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Meguro (目黒区, Meguro-ku) is a special ward in Tokyo, Japan. The English translation of its Japanese self-designation is Meguro City.[1][2] The ward was founded on March 15, 1947.

Meguro City
Cherry trees along the Meguro River, near Nakameguro
Cherry trees along the Meguro River, near Nakameguro
Flag of Meguro
Official seal of Meguro
Location of Meguro in Tokyo Metropolis
Location of Meguro in Tokyo Metropolis
Meguro is located in Japan
Location in Japan
Coordinates: 35°38′N 139°41′E / 35.633°N 139.683°E / 35.633; 139.683Coordinates: 35°38′N 139°41′E / 35.633°N 139.683°E / 35.633; 139.683
PrefectureTokyo Metropolis
 • MayorEiji Aoki
 • Total14.67 km2 (5.66 sq mi)
 (May 1, 2015)
 • Total277,171
 • Density18,890/km2 (48,900/sq mi)
Time zoneUTC+09:00 (JST)
BirdGreat tit

Meguro is predominantly residential in character, but is also home to light industry, corporate head offices, the Komaba campus of University of Tokyo as well as fifteen foreign embassies and consulates. Residential neighborhoods include, Jiyugaoka, Kakinokizaka, and Nakameguro. As of May 1, 2015, the ward has an estimated population of 277,171 and a population density of 18,890 persons per km2. The total area is 14.67 km2.

Meguro is also used to refer to the area around Meguro Station, which is not located in Meguro ward, but in neighboring Shinagawa's Kamiōsaki district.


The Higashiyama shell mound in the north of the ward contains remains from the paleolithic, Jōmon, Yayoi, and Kofun periods.

The area now known as Meguro was formerly two towns, Meguro proper and Hibusuma, all parts of the former Ebara District of Musashi Province. The two were merged into a Meguro ward for Tokyo City in 1932 and since then the ward has remained with no alterations to its territory.

The name "Meguro", meaning "black eyes", derives from the Meguro Fudō (Black-eyed Fudō-myōō) of Ryūsenji. The Meguro Fudō was one of five Fudō-myōō statues placed at strategic points on the outskirts of Edo in the early seventeenth century by the abbot Tenkai, an advisor to Tokugawa Ieyasu, to provide protection for the new capital of the Tokugawa shogunate.[3] Each statue had eyes of a different color. (Mejiro, a district in Toshima ward, is named for the white-eyed Fudō-myōō).


Hokusai ukiyo-e of a view of Mount Fuji from Shimomeguro

Four other special wards surround Meguro. They are Shibuya (to the northeast), Setagaya (to the west), Ōta (to the south), and Shinagawa (to the southeast).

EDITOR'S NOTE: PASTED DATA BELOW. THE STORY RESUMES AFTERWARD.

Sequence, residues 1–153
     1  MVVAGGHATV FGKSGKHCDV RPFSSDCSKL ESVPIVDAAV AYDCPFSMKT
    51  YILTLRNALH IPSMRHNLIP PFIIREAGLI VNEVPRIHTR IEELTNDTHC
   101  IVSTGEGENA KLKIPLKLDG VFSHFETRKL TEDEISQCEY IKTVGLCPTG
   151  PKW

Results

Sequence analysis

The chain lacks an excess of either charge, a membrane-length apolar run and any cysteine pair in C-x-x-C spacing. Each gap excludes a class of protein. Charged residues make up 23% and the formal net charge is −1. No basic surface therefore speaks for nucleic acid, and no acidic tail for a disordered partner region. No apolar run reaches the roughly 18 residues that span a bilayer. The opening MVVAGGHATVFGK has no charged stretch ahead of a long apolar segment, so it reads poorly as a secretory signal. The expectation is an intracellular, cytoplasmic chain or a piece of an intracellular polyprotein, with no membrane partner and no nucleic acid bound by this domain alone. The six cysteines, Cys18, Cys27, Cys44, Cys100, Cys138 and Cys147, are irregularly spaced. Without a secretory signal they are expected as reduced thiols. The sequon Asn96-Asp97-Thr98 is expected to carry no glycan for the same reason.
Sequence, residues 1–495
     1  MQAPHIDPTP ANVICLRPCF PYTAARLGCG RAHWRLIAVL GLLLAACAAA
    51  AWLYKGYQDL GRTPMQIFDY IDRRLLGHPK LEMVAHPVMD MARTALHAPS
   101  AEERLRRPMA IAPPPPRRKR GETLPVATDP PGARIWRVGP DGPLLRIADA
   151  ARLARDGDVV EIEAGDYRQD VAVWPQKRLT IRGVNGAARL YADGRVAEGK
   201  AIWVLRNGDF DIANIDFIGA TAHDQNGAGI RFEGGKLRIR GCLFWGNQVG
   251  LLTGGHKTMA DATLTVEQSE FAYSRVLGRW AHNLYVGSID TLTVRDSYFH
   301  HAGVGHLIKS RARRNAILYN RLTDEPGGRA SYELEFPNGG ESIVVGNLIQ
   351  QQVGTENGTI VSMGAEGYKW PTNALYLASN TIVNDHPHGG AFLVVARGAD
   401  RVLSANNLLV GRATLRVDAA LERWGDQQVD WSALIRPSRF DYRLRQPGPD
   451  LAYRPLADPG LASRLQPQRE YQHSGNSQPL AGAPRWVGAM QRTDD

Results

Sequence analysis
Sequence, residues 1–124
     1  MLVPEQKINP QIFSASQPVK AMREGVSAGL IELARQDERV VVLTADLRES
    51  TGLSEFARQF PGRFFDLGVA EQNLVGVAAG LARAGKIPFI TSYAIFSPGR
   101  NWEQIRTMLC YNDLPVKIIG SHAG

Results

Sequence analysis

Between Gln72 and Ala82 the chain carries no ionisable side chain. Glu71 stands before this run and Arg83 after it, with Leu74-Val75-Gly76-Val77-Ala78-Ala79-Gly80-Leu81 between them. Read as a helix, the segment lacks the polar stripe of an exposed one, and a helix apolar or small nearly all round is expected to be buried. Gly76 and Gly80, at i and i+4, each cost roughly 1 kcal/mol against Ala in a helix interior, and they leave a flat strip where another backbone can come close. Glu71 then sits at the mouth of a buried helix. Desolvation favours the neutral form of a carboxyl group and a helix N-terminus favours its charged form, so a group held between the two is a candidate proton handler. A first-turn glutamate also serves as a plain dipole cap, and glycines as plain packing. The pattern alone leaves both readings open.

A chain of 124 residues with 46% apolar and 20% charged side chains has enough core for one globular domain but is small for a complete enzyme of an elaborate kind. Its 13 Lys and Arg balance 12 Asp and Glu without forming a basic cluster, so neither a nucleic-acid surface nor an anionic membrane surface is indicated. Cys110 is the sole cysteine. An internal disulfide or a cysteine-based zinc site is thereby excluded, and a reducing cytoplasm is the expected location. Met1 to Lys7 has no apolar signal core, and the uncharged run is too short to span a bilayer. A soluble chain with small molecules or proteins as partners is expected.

Districts and neighborhoodsEdit

Politics and governmentEdit

Meguro Ward Government Offices

Meguro ward government is led by the city assembly with 36 elected members with current terms from May 1, 2011 to April 30, 2015. The chairman of the council is Yoshiaki Ito.[citation needed] The mayor is Eiji Aoki, an independent. His term lasts until April 24, 2016.[citation needed]


Sightseeing and local landmarksEdit

Persimmon Hall, Meguro
Grilled Pacific saury at the Meguro Autumn Sanma Festival

Green spacesEdit

Cultural institutionsEdit

Religious institutionsEdit





Colleges and universitiesEdit

Public schoolsEdit

Public elementary and junior high schools are operated by the Meguro City Board of Education. Public high schools are operated by the Tokyo Metropolitan Government Board of Education.

  • International High School (Kokusai High School in Japanese)
  • Komaba High School
  • Meguro High School
  • Geijutsu High School (Closed in 2012)

In addition the metropolis operates a consolidated junior and senior high school called Ōshūkan Secondary School.

International schoolsEdit


Company headquartersEdit

Notable people from MeguroEdit

Notable residentsEdit


  1. ^ 目黒区方式ホームページ [Official Homepage of Meguro City, Japanese]. Retrieved 2011-04-26.
  2. ^ "English: Meguro City (Official English webpage for Meguro City)". Meguro City. Archived from the original on 2008-11-03.
  3. ^ Paul Waley, Tokyo: City of Stories (Tokyo: Weatherhill, 1991), 237.
  4. ^ トップページ ― めぐろパーシモンホール/中目黒GTプラザホール. Retrieved 2014-04-07.
  5. ^ "Himonya Catholic Church". Retrieved 2014-04-07.
  6. ^ "Katholische Deutschsprachige Gemeinde". Sankt Michael Tokyo. Retrieved 23 April 2014.
  7. ^ 日本聖公会東京教区聖パウロ教会. Retrieved 2014-04-07.
  8. ^ "Headquarters & Main Contacts Archived 2011-08-03 at the Wayback Machine." Books Kinokuniya. Retrieved on July 25, 2011. "Dept.General Affairs Dept. 3-7-10 Shimomeguro Meguro-ku, Tokyo 153-8504"
  9. ^ "[1]." Makino. Retrieved on November 16, 2013. "Makino Milling Machine Co. Ltd. 3–19, Nakane 2-chome, Meguro-ku, Tokyo 152, Japan"
  10. ^ "Corporate overview." Stanley Electric. Retrieved on March 7, 2019.
  11. ^

External linksEdit